CLEAR ROCK RANCH     2017 AIA Austin Design Award Winner    Clear Rock Lookout is a raw steel hunting blind, writing studio, and observation deck that celebrates the stunning landscape and wildlife views. The 450sf building is nestled below a limestone cliff edge, and has to be “discovered” when approached from the top of the mesa. This gradual reveal of the building strengthens the unfolding landscape panorama made possible from the unique vantage provided by the structure.  The site was specifically chosen for its views by the owner after years of slowly traversing and mapping the wooded cliff edge. The modern form contrasts with the Hill Country vernacular used on the rest of the 1,000 acre West Texas ranch. Naturally weathering steel was chosen to age with the surroundings and to pay homage to the owner’s youth spent welding oil tanks.  Large sheets of glass, a variety of warm woods, and a highly detailed assembly complete the “jewelbox in the landscape” expression of the lookout.   Contractor:  Ron Reue Construction   Steel Fabrication :  Longhorn Welding    Structural Engineers :  Arch Consulting Engineers    Photo Credits :  Casey Dunn    Publications:   Texas Made/Texas Modern ,  Dezeen  ,  ArchDaily ,  Dwell  ,  Uncrate ,  Texas Architect Magazine
   PAZ VETERINARY    Located on south First in central Austin, we were tasked to provide a space that functions as a veterinary clinic but be designed to not look like a vet clinic. Using a pre-existing footprint, we made the most of the budget by using an agriculture vernacular that utilized a pre engineered building with a unique pattern of horizontal windows. Two sculptural skylights provide ample natural light for the space and transform the pre engineered building into something more unique. The warehouse like space, created a box filled with minimal program for the owner to have flexibility with their own needs and aesthetic. Low partition walls, skylights, a sloped ceiling, and a mezzanine maximize the visibility and daylight within the space.   Contractor :  DKC construction    Structural Engineer : StruktureOne Group   MEP Engineering :  AYS Engineering    Landscape :  Sprout    Millwork :  Nick Schnitzer  and  K&J    Photo Credits :  Casey Dunn  &  The Range
  COMMISSIONED BY THE WALLER CREEK CONSERVANCY FOR CREEKSHOW 2018   “Urban Scrim” is a contemplative and sculptural installation inspired by the simple forms and grand scale of West Texas land art. Although weaving through the urban fabric of downtown, Waller Creek is often hidden from view. This piece acts as a serene line of light serving to attract viewers from the busy bustle of downtown with subtle video projections of shadows from local pedestrians and reflections from the creek water. These projections suggest how the future Waller Creek redevelopment plan will become an activated and revitalized landscape with enhanced pedestrian activity. The pairing of movement from the urban streetscape with the texture and nature of water flowing through the creek encourages human interaction between the two. Intersecting the pedestrian bridge between 10th and 11th street, the position of the overlapping scrim fabric allows people to experience the piece from the water’s edge and also physically walk through it to experience the movement, glow, and scale up close.  Scrim is a fabric often used in the film and television industries, as well as by photographers, to modify properties of light. This installation is comprised of a series of scrim cloth held taut with welded steel. The steel will be recycled or repurposed at the end of the exhibition and the projectors will be donated to local schools to minimize waste. This installation is meant to create a synergy of water serenity and urban activity through simple materials, subtle lighting and grand scale.   Team Members : Lemmo Architecture and Design: Ryan Lemmo (lead), Stephanie Lemmo (lead), Jonathan Butler, and Julia Martinelli   Fabrication:  John Ray of  Longhorn Welding    Video:  Corbett Jones and Anna Rau of  The Range    Engineering:  Sam Covey of  Fort Structures    Publications:   Texas Architect Magazine ,  Texas Architect Magazine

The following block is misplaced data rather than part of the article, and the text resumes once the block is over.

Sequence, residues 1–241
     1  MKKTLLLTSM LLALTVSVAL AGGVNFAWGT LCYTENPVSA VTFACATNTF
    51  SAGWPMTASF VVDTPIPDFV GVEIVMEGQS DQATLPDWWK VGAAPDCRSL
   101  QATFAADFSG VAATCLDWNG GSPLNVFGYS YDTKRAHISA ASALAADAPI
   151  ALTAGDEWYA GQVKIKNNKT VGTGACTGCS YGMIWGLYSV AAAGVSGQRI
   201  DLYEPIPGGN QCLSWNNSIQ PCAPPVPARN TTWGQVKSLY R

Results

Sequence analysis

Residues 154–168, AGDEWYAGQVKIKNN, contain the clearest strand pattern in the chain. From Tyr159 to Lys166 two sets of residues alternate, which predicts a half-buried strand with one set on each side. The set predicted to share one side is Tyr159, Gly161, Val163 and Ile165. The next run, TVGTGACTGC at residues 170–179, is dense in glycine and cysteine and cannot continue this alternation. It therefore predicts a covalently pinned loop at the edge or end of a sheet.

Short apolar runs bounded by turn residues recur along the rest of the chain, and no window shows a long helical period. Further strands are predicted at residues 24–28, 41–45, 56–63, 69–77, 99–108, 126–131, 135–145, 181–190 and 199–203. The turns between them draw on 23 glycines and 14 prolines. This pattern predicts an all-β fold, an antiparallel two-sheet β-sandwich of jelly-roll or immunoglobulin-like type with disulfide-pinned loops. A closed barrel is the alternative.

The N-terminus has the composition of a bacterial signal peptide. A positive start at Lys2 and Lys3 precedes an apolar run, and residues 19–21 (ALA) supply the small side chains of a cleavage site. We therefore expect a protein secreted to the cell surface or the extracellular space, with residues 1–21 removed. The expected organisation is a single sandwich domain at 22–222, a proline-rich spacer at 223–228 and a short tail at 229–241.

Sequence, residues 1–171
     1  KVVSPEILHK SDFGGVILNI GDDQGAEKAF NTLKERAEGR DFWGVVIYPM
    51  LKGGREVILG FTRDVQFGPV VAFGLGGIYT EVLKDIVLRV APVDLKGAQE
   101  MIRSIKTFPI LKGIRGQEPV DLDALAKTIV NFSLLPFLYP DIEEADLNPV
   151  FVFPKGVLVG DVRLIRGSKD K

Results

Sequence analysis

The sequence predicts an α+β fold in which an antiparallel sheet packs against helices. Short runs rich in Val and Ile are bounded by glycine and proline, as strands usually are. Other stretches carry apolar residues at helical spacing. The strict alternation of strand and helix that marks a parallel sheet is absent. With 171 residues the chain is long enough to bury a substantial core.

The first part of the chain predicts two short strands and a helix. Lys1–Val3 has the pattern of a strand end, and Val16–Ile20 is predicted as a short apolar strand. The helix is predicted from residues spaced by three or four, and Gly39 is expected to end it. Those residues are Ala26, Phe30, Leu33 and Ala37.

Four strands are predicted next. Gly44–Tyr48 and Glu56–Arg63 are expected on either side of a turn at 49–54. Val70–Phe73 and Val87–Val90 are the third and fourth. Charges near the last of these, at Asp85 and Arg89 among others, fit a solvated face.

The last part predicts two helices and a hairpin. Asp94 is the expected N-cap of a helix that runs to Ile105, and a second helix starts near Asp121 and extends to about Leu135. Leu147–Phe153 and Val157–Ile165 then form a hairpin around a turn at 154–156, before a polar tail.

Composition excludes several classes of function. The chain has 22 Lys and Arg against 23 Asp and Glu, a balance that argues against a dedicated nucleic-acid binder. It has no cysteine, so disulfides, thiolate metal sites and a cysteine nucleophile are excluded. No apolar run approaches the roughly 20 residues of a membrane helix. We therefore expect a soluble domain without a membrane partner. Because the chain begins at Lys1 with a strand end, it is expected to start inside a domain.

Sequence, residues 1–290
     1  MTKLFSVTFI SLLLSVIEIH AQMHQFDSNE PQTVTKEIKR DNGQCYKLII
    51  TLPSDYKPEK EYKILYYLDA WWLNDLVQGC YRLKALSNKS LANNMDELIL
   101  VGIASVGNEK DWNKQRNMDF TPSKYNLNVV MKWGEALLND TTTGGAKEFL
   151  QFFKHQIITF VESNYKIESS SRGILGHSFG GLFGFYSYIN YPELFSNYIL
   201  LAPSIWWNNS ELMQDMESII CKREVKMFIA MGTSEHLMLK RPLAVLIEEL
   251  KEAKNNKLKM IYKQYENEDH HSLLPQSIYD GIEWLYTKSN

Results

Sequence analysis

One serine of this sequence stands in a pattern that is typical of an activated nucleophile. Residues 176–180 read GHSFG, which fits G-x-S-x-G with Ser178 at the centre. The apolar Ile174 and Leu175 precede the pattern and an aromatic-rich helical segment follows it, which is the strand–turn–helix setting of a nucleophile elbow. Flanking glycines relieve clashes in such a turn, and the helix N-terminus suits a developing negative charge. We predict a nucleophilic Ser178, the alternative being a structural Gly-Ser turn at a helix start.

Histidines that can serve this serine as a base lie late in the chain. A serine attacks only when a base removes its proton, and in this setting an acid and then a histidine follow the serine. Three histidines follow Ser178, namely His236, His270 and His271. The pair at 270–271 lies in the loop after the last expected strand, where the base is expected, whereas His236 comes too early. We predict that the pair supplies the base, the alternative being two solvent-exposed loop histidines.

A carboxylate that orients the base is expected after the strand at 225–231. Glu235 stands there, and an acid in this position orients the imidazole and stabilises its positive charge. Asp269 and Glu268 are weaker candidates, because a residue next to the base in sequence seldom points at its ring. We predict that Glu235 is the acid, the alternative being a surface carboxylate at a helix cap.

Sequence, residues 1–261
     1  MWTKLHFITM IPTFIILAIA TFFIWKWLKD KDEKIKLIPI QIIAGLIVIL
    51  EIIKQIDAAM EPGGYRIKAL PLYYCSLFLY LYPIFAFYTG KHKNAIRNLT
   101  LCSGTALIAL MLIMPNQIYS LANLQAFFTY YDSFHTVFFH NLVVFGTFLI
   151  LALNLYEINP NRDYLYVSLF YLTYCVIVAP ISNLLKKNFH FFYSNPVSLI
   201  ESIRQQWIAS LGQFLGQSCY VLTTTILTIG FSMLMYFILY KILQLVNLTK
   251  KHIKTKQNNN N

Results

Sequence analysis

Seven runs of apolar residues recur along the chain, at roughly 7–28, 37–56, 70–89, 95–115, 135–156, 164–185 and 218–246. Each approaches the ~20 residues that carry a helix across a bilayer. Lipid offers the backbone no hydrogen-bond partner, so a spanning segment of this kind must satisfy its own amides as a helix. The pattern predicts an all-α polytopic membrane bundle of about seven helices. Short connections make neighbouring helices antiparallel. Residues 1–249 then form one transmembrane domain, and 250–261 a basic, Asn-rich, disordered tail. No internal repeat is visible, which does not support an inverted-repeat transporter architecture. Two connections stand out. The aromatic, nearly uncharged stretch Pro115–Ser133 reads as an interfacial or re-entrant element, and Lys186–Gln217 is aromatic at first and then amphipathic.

CARL'S WAY RESIDENCE   The Carl's Way Residence is an undulating, zero energy home nestled into a gently sloping grassy site on Martha’s Vineyard. The house consists of 3 separate living structures and a detached garage. The volumes are attached by a large deck and dynamically sloping standing seam metal roofs.  The house is super insulated, with a full 3” wrapper of rigid insulation around all walls, roofs and foundations. All the insulation allows the house to use a much more efficient heating and cooling system.  The windows are high performance triple pane European units to make sure the entire envelope performs as well as the highly insulated walls. Lighting is primarily LED to conserve energy. The HVAC system is made up entirely of highly efficient Mitsubishi Mini Split heat pumps to serve both heating and cooling. The project is all electric. To balance this high electric demand, enough high efficiency solar panels are installed out of sight on the garage to completely supply all the power needs of the home.  Ryan was the project manager and design lead for the Carl's Way Residence while working at  Maryann Thompson Architects  in Cambridge, Massachusetts.   Photo Credits : Stephanie Lemmo & Jeremy Bitterman